SYRACUSE — American chestnuts used to be unique and beautiful trees, providing sustenance and shelter for wildlife and a healthy and profitable nut crop for humans. These trees were huge, majestic and very long-lived compared to other species in America’s eastern forests. But tragically, American chestnuts were almost entirely wiped out when an invasive blight fungus was accidentally introduced to the United States in the late 1800s. Without human intervention, populations of pure American chestnut will likely continue to decline until they are all but gone.
However, there are relatives of the American chestnut that evolved with the blight fungus in Asia; they usually tolerate blight infections without much damage. There have been multiple efforts to breed American with Chinese chestnuts to get desirable characteristics from both species, but traditional breeding is a slow and unpredictable process that is limited by undesirable traits from Chinese chestnut that make them less suited to competing in eastern U.S. forests.
The American Chestnut Foundation’s backcross breeding program shows promise in producing trees with American chestnut growth traits, but since blight resistance in Chinese chestnuts is controlled by several genes, inheritance by future generations of chestnuts is inconsistent (think hair color in humans: a child’s hair isn’t always the same color as either parent, but there are general trends that are somewhat predictable). Recent technological advances in genomic screening are improving this process, but it will still probably require multiple generations of breeding, and blight resistance in backcrossed offspring will likely never equal that of the Chinese chestnut ancestor.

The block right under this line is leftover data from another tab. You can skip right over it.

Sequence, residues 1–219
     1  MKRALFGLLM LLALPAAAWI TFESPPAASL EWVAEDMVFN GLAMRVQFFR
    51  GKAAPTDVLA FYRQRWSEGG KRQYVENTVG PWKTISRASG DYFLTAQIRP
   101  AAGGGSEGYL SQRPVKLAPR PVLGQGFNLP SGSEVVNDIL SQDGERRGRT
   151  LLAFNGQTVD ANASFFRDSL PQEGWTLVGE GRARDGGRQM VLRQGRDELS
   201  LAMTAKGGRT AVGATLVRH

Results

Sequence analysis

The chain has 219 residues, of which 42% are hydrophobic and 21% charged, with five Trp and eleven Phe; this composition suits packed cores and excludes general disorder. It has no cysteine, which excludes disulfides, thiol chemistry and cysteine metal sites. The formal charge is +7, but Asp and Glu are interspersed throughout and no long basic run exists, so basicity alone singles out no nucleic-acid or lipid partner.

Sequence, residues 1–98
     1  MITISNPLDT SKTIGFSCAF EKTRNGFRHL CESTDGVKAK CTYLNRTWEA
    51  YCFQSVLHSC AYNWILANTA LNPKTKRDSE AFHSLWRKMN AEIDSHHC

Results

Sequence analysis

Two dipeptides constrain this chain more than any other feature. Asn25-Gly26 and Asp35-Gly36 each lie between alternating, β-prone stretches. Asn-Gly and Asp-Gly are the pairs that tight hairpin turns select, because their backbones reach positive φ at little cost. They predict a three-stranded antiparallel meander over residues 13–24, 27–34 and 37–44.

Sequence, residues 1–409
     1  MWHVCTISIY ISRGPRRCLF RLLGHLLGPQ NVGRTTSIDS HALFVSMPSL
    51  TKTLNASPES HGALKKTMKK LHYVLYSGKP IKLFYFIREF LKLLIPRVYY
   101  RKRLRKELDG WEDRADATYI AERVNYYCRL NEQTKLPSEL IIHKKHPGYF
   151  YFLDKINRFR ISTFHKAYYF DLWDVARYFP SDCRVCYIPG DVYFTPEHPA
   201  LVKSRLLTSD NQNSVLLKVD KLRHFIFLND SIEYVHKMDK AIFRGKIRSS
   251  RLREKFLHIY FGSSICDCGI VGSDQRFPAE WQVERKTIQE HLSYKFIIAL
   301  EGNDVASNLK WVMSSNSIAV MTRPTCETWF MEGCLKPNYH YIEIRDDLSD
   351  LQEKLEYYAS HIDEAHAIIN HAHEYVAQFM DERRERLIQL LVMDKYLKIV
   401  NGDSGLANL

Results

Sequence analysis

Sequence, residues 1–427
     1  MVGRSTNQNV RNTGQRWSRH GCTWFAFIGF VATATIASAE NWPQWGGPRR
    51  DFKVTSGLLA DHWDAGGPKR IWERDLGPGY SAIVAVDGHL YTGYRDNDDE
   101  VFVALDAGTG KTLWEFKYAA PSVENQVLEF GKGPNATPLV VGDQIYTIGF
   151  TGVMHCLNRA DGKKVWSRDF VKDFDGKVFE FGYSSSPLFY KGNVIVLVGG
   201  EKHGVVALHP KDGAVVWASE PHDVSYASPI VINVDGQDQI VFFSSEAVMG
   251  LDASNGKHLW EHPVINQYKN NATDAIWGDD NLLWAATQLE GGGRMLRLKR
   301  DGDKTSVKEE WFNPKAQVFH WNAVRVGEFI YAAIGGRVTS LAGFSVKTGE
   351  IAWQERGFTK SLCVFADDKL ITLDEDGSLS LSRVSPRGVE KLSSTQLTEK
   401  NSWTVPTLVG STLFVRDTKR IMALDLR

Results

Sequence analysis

At the College of Environmental Science and Forestry (ESF) here in Syracuse, our research team is trying a different approach. We’re using the tools of biotechnology to produce fully American chestnut trees that successfully tolerate blight infections, protecting the tree without even harming the blight fungus itself. What we did was copy a single gene from wheat — though the same gene is found in many other plants like corn and bananas, and there are no similarities to gluten or other allergens — and transferred it into American chestnuts. This enzyme breaks down a toxin called oxalic acid, which is produced by the fungus and kills American chestnut tissues. [Read more…]